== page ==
By Jerry Soverinsky
Thereâ€™s a station perched in a residential area in the middle of my evening jogging route that was recently retrofitted with LED lights. Whereas the stationâ€™s canopy lights used to provide just enough light for me to make out the time on my watch, today it offers sufÂficient brightness to require passersby to wear sunblock. More important, the bright lights have worked in deterring parking lot loitering.
The LED switch is gaining momenÂtum with convenience store retailers, as they retrofit older stations with LED lights and install them in new stores, reÂalizing a number of operational benefits.
Bill Houston, maintenance manager for Sherman, Texas-based Lone Star Food Stores, said his company traded out 400-watt metal halide lights for LEDs at four of his companyâ€™s 15 stores, which feature gas stations. While he was aware of the energy and cost savÂings attributable to LED lights, HousÂton said the initial switch was necessiÂtated not by savings but the Texas heat.
"With 110-degree weather, we noÂticed a strain on our canopy wires," he said. "We had a lot of issues with burnt wires. We needed to reduce their load."
With 30 lights under each storeâ€™s canÂopy, he faced either reducing the number of lights or working with more energy-efficient fixtures. After crunching the numbers and considering the long-term benefits of LEDs, he chose the latter.
Working with Cincinnati, Ohio-based LSI Industries, in November 2010, Houston replaced all of the canopy lights at his Dennison, Texas, store, a relatively expensive undertaking â€" "ToÂtal job cost was around $18,000," he said â€" though one that achieved a 66% reÂduction in energy usage, a bottom-line savings for the store.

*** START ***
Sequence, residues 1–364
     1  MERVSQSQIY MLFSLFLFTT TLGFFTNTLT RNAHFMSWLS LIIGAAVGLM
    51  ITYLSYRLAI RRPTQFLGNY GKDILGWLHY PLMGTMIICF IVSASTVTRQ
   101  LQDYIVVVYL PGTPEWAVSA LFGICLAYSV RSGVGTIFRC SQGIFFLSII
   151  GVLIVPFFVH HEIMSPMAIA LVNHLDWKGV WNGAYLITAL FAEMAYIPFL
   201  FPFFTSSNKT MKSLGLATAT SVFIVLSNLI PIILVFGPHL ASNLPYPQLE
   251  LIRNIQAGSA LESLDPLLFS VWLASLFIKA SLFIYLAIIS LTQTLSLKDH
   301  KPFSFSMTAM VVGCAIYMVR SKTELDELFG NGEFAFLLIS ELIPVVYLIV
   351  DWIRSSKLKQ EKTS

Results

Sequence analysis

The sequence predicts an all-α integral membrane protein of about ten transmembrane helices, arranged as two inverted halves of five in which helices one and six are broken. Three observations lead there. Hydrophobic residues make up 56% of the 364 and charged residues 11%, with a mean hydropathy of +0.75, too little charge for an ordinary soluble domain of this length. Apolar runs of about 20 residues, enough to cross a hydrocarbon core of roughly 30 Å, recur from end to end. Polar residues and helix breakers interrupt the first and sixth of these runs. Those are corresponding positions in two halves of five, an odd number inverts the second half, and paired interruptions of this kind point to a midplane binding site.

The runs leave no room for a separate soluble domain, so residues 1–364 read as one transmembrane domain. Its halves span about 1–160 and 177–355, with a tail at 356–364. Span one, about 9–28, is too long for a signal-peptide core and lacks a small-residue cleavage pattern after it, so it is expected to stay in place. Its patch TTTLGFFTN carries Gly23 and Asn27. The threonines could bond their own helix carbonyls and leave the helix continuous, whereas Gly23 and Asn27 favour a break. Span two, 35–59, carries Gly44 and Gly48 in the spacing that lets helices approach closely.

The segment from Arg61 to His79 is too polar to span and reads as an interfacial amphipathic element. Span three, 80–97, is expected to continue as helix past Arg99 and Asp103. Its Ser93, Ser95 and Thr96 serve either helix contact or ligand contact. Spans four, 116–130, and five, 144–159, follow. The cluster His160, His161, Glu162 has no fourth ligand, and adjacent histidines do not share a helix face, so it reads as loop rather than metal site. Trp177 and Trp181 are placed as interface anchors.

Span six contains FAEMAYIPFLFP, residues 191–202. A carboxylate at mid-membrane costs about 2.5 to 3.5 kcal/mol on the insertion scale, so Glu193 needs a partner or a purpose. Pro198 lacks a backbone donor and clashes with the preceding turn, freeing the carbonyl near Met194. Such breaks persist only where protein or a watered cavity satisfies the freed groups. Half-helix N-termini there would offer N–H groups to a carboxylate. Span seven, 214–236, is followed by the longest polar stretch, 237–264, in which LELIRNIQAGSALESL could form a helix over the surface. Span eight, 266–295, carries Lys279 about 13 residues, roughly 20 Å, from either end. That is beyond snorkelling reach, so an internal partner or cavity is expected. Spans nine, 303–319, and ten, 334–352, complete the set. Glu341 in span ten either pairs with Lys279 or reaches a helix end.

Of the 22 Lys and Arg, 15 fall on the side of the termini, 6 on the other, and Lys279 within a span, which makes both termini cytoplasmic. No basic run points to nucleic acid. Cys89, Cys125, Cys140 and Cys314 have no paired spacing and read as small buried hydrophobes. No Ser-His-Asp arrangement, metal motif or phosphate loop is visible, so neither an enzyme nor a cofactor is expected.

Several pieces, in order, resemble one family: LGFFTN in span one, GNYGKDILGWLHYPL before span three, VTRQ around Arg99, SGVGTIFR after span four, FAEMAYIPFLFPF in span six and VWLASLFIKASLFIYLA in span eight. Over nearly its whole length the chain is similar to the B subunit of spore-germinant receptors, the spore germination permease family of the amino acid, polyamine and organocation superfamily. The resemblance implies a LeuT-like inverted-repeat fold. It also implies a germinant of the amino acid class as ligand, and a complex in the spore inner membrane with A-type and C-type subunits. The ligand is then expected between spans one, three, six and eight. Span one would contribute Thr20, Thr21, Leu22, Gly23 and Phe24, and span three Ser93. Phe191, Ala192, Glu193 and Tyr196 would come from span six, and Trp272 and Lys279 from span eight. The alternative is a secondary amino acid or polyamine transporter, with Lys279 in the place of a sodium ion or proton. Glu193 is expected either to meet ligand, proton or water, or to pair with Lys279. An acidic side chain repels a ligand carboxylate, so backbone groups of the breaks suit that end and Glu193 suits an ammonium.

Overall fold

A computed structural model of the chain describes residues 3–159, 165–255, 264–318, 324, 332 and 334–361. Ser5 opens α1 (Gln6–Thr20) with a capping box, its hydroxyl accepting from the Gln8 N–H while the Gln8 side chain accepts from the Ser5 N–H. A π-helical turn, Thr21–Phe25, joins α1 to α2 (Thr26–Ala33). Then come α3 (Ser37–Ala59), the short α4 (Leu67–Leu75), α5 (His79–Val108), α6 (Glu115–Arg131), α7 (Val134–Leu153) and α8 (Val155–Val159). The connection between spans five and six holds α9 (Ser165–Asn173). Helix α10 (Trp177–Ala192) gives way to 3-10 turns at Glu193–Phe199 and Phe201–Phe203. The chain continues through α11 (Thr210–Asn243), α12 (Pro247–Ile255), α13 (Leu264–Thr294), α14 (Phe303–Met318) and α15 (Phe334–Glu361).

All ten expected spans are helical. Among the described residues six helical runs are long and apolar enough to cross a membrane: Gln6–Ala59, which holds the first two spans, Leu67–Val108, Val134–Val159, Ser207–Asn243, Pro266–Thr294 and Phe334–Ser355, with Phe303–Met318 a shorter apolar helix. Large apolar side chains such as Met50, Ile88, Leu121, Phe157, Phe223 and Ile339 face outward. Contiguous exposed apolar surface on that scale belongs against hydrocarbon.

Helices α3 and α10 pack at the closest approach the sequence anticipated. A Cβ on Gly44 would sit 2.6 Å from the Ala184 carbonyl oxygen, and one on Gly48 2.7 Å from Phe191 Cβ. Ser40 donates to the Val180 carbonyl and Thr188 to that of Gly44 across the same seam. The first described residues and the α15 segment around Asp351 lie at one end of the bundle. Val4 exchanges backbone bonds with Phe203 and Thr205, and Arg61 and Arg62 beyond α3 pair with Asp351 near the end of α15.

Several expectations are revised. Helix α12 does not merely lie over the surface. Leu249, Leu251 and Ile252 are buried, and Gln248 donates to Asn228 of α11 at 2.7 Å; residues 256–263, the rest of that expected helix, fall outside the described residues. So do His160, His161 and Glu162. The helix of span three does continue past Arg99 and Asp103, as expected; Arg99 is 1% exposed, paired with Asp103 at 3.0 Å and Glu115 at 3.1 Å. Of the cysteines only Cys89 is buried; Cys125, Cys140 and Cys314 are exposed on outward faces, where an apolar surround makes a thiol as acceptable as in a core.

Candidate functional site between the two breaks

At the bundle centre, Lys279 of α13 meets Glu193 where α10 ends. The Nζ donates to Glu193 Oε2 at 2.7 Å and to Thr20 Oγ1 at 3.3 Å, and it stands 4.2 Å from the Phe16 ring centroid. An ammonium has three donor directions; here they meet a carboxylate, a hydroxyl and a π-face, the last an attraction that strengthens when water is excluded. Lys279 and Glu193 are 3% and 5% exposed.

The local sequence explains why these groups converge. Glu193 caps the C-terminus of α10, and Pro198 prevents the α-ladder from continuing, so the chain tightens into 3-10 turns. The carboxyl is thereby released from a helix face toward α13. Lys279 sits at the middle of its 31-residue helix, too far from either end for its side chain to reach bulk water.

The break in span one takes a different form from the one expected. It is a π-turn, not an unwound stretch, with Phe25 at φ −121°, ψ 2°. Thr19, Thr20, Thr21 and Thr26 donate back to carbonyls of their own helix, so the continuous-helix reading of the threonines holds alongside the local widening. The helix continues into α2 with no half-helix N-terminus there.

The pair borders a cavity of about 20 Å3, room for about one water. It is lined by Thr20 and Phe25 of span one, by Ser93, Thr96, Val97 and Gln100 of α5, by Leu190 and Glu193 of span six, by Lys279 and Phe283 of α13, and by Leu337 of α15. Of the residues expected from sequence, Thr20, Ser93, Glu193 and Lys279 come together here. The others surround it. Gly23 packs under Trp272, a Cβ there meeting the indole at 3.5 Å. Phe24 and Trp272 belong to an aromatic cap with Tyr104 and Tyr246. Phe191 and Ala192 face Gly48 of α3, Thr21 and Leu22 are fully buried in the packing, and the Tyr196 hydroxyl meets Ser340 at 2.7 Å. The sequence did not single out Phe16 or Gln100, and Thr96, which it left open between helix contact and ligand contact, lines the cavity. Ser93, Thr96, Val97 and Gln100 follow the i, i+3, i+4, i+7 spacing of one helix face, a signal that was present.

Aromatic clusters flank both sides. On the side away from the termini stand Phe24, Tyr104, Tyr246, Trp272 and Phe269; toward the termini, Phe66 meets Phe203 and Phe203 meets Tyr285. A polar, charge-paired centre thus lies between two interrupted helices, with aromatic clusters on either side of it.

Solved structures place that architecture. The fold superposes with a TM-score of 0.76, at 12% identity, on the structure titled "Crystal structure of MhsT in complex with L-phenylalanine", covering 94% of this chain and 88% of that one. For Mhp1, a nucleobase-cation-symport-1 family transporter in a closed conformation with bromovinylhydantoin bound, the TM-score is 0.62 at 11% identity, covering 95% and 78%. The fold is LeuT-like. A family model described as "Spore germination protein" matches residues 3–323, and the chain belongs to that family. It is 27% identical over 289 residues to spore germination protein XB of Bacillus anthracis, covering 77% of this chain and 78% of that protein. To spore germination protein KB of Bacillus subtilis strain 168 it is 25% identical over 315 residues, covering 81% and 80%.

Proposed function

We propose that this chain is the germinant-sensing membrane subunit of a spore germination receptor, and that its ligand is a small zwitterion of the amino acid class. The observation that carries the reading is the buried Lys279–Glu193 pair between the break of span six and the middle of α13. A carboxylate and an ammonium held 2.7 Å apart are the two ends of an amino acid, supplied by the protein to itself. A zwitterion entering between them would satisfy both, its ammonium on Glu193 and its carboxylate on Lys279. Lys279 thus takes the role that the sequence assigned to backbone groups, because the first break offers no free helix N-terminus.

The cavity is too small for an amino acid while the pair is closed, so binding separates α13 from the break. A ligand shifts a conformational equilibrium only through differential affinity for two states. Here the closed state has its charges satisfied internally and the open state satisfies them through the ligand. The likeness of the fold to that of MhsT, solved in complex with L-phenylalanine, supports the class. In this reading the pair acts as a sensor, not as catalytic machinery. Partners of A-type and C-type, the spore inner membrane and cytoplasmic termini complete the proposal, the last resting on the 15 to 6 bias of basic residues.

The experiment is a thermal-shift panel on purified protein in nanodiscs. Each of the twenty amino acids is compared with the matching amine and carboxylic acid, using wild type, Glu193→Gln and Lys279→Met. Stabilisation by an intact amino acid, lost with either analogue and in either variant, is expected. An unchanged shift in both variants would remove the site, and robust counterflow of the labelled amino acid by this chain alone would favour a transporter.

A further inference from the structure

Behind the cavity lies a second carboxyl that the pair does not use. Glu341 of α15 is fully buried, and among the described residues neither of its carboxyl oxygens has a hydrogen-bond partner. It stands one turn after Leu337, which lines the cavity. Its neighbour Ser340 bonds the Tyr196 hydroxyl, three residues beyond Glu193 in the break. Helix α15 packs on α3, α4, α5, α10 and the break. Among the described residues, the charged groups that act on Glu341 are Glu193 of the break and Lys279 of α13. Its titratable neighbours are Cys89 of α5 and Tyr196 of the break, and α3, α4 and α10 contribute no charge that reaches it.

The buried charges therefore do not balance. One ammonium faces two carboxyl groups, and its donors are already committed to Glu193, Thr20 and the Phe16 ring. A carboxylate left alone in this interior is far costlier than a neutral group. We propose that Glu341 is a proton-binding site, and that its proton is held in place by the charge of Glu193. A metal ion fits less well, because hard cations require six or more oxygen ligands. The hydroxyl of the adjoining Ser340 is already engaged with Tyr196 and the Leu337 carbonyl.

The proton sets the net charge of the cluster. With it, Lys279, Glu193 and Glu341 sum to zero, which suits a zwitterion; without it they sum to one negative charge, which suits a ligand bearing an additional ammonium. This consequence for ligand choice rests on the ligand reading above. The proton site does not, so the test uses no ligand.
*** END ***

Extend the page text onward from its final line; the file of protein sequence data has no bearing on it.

"Weâ€™re saving literally $400 to $500 per month at the store to light the canoÂpy," he said, a reduction that he said will provide complete ROI in just over two years.
Facing similar energy load problems at three other stations, Houston converted those to LED, too â€" a steep cost that ofÂfered a sizable, immediate return from his local utility company. "We had [finanÂcial] incentives from the utility company that owns the grid in our area to reduce our energy load, and I completed the paÂperwork to apply for those incentives," he said. "It was a straightforward proÂcessâ€¦thereâ€™s a lot of documentation and paperworkâ€¦but less than three months [after submitting the proper forms], we received just under $17,000 back."
Houston said all of those locations will see a complete ROI in "just about two years," and besides the cost savings, he said the LED lights offer superior brightness at his canopies, "which draws more customers because the lighting is such good quality." And whereas his previous lights used to draw swarms of bugs at night, "because thereâ€™s no UV elÂement in LEDs, you have almost no bug activity under the canopies," he said.
Perhaps the biggest operational benefit for LEDs lies in their dependability. "Itâ€™s been a huge improvement for us," said Nick St. Romain, marketing and IT director for Mansura, Louisiana-based St. Romain Oil Company, whose preÂvious canopy fixtures required nearly monthly maintenance. "I have five sites [where LEDs are installed], with 30 to 40 lights per site, and Iâ€™ve had maybe five failures in the last three years."